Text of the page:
Contributory Negligence and Intoxication
It is well known around the world, that “Aussies” enjoy a drink or two. Whether it is a glass of wine, or sharing a cold beer with your mate, drinking alcohol is a part of the Australian culture unfortunately. Due to this culture, there have been many instances in which people have been involved in an accident, and have sustained an injury whilst intoxicated. Injured persons that find themselves in these situations often believe that they have no right to damages, due to the level of their intoxication at the time of the injury. This is a common misconception, and by looking at the Civil Liability Act 2002 (NSW), and with reference to case law, intoxicated persons may still have a right to compensation.
Civil Liability Act 2002 (NSW)
Firstly, when establishing that a Defendant is negligent in a personal injury claim, it must be established that they had a duty of care. Under s5B, the Defendant is required to take precautions in circumstances where:
- The risk was foreseeable; and
- The risk was not insignificant; and
- In the circumstances, a reasonable person in the person’s position would have taken precautions.
In circumstances, in which a Defendant has failed to take precautions to mitigate the risk of harm to the injured person, the Defendant will be exposed to a possible negligence claim.
If it is established that the Defendant has a duty of care to the Plaintiff, the next step is to determine what role the Plaintiff’s intoxication can have on the progression of the matter.
In instances where the Plaintiff was intoxicated at the time of the accident, the Court will make reference to Part 6 of the Civil Liability Act 2002, when determining the claim.
It is noted under s47, that Part 6 applies to “civil liability of any kind for personal injury damages or damage to property.”
“Intoxication” is defined under s48, and refers to a person under the influence of alcohol or drugs (regardless of the drug being legal or illegal).
No recovery where person intoxicated
Under s50(1) and (2), a person is not to be awarded damages in respect of liability for death, injury or damage, if it is established that at the time of injury the person was intoxicated to the extent their capacity to exercise reasonable care and skill was impaired.
Based on this section, it would seem that the pre-conceptions of being intoxicated at the time of injury are well founded, however the section continues to provide an instance in which damages may be allowed. Under s50(2), it is outlined that the court may award damages if it is satisfied that the death, injury or damage to property was likely to have occurred even if the person had not been intoxicated.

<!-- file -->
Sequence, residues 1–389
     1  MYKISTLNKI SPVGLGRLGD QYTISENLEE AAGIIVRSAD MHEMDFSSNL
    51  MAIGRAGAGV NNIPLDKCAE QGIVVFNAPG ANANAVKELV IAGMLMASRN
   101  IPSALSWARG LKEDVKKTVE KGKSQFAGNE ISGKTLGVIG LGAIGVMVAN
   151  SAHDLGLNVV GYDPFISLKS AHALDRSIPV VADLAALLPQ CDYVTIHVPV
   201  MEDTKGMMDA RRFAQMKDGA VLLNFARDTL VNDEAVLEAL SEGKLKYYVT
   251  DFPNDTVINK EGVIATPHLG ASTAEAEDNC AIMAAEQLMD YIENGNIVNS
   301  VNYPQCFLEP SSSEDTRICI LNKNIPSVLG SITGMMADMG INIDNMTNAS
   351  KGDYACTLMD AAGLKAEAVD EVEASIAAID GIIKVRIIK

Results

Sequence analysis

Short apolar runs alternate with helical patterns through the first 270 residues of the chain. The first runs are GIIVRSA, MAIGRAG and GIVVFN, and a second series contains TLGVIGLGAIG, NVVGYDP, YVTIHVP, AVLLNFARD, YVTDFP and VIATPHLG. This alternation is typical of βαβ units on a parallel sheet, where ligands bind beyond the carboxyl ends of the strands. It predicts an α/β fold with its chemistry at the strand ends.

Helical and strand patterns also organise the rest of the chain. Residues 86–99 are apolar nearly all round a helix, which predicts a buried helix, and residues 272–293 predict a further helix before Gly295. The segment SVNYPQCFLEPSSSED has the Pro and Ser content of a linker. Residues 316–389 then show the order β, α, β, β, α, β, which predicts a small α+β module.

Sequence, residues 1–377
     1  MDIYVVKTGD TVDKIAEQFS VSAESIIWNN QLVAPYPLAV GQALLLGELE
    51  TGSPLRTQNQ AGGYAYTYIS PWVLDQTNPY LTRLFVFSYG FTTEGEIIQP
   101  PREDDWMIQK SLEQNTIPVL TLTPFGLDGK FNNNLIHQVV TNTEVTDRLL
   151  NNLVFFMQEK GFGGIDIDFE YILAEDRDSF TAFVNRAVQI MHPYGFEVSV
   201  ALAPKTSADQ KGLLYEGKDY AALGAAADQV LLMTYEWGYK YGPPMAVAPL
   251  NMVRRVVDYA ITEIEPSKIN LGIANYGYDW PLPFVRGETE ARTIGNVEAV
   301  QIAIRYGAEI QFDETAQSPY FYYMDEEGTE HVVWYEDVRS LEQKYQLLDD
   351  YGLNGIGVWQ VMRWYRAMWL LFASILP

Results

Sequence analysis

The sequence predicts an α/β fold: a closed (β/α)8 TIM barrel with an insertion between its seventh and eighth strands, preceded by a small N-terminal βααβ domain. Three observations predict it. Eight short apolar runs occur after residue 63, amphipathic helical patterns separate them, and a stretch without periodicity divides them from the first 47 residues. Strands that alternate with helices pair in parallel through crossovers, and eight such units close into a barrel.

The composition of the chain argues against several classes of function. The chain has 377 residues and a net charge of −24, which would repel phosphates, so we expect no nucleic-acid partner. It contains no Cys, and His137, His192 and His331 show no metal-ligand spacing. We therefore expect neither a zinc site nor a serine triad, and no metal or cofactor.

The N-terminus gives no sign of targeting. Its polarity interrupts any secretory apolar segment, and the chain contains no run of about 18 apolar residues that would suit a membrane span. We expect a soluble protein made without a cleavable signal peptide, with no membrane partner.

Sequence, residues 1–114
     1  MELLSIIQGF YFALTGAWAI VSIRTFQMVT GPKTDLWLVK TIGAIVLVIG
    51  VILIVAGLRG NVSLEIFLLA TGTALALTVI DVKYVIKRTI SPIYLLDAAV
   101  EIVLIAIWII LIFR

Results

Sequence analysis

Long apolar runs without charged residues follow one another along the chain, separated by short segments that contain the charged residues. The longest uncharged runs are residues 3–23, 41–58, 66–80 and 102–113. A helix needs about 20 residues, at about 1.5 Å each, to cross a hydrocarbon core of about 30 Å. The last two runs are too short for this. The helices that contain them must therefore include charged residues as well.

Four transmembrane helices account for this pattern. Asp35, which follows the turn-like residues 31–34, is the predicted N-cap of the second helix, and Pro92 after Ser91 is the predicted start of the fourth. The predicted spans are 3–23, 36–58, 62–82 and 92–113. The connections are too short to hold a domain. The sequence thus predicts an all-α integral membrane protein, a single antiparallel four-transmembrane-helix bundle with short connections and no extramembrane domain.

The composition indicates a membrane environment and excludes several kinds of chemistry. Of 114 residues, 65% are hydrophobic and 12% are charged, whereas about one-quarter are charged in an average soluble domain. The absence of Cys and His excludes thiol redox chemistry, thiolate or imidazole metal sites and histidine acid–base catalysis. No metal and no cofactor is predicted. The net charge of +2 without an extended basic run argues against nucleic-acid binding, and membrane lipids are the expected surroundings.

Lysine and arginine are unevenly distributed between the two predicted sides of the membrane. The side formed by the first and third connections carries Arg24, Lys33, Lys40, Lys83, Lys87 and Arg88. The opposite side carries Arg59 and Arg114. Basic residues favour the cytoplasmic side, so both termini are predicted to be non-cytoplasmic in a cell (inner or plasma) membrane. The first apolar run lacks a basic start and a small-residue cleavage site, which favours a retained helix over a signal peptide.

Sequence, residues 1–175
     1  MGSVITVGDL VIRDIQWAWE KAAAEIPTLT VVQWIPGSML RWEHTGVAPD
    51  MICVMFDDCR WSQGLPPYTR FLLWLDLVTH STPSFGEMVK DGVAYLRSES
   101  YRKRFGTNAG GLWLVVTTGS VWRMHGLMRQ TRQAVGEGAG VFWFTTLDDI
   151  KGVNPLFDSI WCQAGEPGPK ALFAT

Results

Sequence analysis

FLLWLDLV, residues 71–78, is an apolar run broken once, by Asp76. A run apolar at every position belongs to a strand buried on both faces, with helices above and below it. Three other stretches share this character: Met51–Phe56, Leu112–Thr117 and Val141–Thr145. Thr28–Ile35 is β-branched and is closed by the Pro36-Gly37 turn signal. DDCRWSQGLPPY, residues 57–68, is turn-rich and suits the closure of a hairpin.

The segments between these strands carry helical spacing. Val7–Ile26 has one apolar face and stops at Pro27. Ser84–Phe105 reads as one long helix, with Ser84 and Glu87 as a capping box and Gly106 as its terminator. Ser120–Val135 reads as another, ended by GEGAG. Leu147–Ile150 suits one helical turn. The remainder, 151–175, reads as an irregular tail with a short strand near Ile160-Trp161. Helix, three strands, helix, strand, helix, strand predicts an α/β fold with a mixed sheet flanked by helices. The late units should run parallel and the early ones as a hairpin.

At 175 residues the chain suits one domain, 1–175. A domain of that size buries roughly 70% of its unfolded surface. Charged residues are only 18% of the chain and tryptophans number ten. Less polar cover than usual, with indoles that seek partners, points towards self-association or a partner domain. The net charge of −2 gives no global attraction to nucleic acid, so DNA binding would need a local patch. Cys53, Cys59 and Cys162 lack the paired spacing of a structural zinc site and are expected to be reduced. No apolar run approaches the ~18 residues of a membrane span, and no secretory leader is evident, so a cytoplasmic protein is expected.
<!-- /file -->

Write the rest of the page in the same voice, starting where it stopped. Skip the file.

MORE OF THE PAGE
If the court is satisfied that the injury would have occurred regardless of intoxication, it is presumed that the person was contributorily negligent, unless it is determined that the person’s intoxication didn’t play any role in the injury (s50(3)).
In circumstances where the court finds contributory negligence against the Plaintiff, the court must assess the damages on the basis that the damages in which the person would have been entitled in the absence of contributory negligence, will be reduced as a result of the contributory negligence by 25% or greater percentage determined appropriate (s50(4)).
King v Rail Corp NSW 2013 (NSW)
In this case, the Plaintiff was involved in an accident in which he was hit by a train at 3:00am in the morning at Mortdale Station. As a result of being hit by the train, the Plaintiff lost his left leg.
It was determined by the Court that the driver was in breach of his duty of care by not observing “the object” (Mr King) in his line of sight, across the railhead. As a result of this breach, the Plaintiff sustained injury in the form of losing his leg.
The Court also determined that the Plaintiff was intoxicated at the time of his injury, and therefore his own negligence contributed to his injuries. It was evaluated that the Plaintiff was 50% responsible for the accident.
Considering both sides the Court evaluated the quantum as $1.3 million, the Plaintiff received $650,000 in damages, representing 50% reduction as a result of contributory negligence.
As outlined above, although there are some circumstances where intoxication of an injured person can result in no entitlement to damages, in instances where the Court is satisfied that the injury would have occurred regardless of the intoxication, a Plaintiff will still have the right to compensation. The damages a Plaintiff may receive in these circumstances may be diminished as a result of contributory negligence (King v Rail Corp NSW 2013), or there may be no reduction at all.
If you or somebody you care about has been involved in an accident, you may be entitled to compensation. For more information, and to arrange a free, no-obligation assessment of your claim, please call Stacks Goudkamp on 1800 25 1800 or alternatively make an online enquiry.
Written by Michael Greene.
Michael Greene is a paralegal to Cali Baldwin and Sian Louise-Perez. Michael works on a variety of different compensation matters, including workers compensation claims, work injury damages claims, and motor vehicle accident claims.